What Is Media?
The term media, which is the plural of medium, refers to the communication channels through which we disseminate news, music, movies, education, promotional messages and other data. It includes physical and online newspapers and magazines, television, radio, billboards, telephone, the Internet, fax and billboards. It describes the various ways through which we communicate in society. Because it refers to all means of communication, everything ranging from a telephone call to the evening news on television can be called media.
Why Do We Need Media Laws?
Media law is a collection of a variety of laws and ethical standards that influence the work of the media. Different forms of media are subject to different regulations.
The law relating to mass media does not constitute a single field of law but is rather comprised of a diverse set of laws and provisions that are scattered across the entire legal framework. The foundations of the principles of media law can be found in the constitutions of many countries, specific national legislation, as well as international conventions and acts dealing with this subject.
Media Laws In India –
Mass Media systems of the world vary from each other according to the economy, polity, religion and culture of different societies. In societies, which followed communism and totalitarianism, like the former USSR and China, there were limitations of what the media could say about the government. Almost everything that was said against the State was censored for fear of revolutions. On the other hand, in countries like USA, which have a Bourgeois Democracy, almost everything is allowed. Below are the laws prescribed by the Indian Government –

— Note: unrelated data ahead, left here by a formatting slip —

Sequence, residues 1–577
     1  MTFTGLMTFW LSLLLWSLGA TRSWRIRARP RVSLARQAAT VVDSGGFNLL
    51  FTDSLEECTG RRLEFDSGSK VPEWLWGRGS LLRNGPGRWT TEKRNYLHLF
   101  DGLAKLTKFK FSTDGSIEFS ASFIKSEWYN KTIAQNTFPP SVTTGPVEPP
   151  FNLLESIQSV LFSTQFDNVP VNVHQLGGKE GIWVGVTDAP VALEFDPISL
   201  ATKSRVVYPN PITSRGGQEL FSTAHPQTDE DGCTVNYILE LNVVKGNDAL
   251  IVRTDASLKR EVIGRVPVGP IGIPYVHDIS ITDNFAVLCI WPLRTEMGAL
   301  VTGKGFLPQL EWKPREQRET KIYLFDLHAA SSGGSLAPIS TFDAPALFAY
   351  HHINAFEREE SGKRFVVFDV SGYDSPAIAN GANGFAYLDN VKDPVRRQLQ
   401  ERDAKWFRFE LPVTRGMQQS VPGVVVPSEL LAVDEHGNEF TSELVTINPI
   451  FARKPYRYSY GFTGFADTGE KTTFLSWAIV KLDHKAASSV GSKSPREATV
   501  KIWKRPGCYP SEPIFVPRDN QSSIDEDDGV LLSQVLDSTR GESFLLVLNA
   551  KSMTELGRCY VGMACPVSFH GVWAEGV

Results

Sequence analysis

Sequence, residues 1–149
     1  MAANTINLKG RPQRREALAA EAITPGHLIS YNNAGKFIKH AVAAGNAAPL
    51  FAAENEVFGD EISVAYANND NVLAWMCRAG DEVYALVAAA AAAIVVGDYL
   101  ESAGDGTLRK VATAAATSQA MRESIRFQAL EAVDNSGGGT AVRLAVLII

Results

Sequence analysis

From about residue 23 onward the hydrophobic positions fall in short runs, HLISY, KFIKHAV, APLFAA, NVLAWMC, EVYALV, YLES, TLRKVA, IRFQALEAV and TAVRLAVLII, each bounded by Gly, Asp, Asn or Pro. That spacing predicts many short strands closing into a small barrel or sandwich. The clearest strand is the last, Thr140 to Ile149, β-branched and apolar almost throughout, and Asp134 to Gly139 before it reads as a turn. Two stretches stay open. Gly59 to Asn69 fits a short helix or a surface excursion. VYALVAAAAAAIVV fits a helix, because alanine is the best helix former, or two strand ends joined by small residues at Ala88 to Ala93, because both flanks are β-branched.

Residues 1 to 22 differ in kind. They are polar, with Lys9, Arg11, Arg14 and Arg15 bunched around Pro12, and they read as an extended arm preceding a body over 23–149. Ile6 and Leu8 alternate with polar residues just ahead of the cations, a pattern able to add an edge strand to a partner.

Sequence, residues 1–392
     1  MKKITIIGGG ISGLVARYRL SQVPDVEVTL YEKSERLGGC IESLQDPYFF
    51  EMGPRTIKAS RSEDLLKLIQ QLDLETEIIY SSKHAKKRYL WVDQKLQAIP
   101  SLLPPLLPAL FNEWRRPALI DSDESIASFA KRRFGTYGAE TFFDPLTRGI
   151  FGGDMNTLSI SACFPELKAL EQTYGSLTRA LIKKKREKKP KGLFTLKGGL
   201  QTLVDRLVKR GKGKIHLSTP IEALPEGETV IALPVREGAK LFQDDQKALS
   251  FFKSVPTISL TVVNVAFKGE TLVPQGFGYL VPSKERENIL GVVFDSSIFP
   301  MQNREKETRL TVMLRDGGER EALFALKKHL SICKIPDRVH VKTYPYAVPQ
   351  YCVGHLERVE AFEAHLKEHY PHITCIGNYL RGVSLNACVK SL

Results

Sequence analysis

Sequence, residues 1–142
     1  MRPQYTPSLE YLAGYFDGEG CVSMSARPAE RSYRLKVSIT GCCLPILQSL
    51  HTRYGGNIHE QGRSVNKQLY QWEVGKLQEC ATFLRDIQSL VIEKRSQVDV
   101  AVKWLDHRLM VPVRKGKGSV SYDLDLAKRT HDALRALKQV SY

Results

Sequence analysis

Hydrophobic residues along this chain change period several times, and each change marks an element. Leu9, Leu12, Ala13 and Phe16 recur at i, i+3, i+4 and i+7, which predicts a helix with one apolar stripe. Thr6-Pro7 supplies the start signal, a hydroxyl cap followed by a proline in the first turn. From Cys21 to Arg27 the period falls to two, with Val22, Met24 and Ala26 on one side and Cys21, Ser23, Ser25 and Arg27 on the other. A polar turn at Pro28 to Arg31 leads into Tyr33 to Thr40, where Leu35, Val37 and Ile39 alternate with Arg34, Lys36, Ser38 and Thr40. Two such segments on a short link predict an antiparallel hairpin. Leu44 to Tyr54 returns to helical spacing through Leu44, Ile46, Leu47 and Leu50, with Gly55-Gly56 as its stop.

Gagging Act, 1857– This Act introduced mandatory licensing for owning or running a printing press. It empowered the government to prohibit the publication or circulation of any newspaper, book or other printed material and banned the publication or dissemination of statements or news stories which had a tendency to cause a furor against the government, thereby weakening its authority.
Press and Registration of Books Act, 1867– It was a regulatory law which enabled Government to regulate printing presses and newspapers by a system of registration and to preserve copies of books and other matter printed in India. This Act is still in force.
Freedom of Press – However, the most significant day in the history of Media Regulations was the 26th of January 1950 – the day on which the Constitution was brought into force. The colonial experience of the Indians made them realise the crucial significance of the ‘Freedom of Press’. Such freedom was therefore incorporated in the Constitution; to empower the Press to disseminate knowledge to the masses and the Constituent Assembly thus, decided to safeguard this ‘Freedom of Press’ as a fundamental right.
The Indian Constitution does not expressly mention the liberty of the press, it is evident that the liberty of the press is included in the freedom of speech and expression under Article 19(1) (a).  It is however pertinent to mention that, such freedom is not absolute but is qualified by certain clearly defined limitations under Article 19(2) in the interests of the public.
The Newspaper (Prices and Pages) Act, 1956– This statute empowers the Central Government to regulate the price of newspapers in relation to the number of pages and size and also to regulate the allocation of space to be allowed for advertising matter.